All the lofty and grandiose plan and objectives were never to be as oil price soon tumbled forcing the Obasanjo led military government after the assassination of Gen. Murtala Mohammed on February 13, 1976, to adopt low profile posture and made in Nigeria policy. The government then tried its best to reorient Nigerians on the need to diversify the economy, especially into agriculture to grow food as well as focus on industrial productivity.

So Operation Feed the Nation and subsequently Green Revolution programmes were born all in an attempt to exorcise the oil dependency culture that had enveloped our mentality. But it was short-lived, ostensibly too superficial, to withstand the huge appetite and greed already created. Soon we were back to our old ways at the earliest sniff of oil wealth.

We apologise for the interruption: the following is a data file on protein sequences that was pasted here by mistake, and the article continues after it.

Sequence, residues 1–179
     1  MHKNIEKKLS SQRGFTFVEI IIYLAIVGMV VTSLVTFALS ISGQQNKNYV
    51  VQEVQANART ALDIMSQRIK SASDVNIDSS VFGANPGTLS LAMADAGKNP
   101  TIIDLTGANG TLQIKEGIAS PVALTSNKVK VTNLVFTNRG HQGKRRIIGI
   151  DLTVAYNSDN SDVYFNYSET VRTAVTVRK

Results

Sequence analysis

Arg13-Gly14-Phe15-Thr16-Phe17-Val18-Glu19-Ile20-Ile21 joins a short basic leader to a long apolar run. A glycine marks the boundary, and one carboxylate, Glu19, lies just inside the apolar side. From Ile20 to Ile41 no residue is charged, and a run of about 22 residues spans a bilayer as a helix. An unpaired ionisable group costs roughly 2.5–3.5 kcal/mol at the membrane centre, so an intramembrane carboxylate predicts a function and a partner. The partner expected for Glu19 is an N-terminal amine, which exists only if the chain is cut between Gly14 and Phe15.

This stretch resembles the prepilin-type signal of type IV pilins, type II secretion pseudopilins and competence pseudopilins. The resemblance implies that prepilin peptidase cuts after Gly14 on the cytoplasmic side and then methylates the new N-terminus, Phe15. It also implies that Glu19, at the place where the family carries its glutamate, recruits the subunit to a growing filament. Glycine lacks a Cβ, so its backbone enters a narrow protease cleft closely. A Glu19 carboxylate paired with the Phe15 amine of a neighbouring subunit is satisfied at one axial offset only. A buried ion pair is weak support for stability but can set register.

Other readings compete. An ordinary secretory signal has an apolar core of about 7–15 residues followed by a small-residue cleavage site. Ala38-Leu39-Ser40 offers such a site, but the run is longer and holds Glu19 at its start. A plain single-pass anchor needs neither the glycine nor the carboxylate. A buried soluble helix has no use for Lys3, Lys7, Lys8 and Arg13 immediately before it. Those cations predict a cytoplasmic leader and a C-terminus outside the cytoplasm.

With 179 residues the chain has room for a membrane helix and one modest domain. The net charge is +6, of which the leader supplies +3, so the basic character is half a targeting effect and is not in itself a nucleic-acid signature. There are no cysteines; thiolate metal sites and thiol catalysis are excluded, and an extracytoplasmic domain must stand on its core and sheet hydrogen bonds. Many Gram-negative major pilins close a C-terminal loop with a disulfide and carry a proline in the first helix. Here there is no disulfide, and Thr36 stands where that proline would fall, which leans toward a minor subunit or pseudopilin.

Just as the civilian government of President Shagari was coming in 1979, the Iranian Islamic revolution took place with sanctions imposed on the Islamic new Republic by the western countries led by the U.S.; and oil price spike trading at about $24 per barrel. All the slogans on diversification were forgotten and the country went on the largest importation craze ever.

This was followed with the Iran-Iraq war in 1981-82, which saw oil price jump to $40 per barrel and the country became an import destination for all exporters. Then it was alleged Nigeria imported sand; and became a net importer of rice, champagne, and all sorts of drinks, and textiles. By 1984, the worst glut hit global economy as oil price dropped from the giddy $42 to about $8 per barrel. Gen. Buhari came to power then to salvage the situation. Unfortunately, he is twice lucky by being there again 36 years later to diversify the economy against oil price crash. This has been the tragic story of our nation.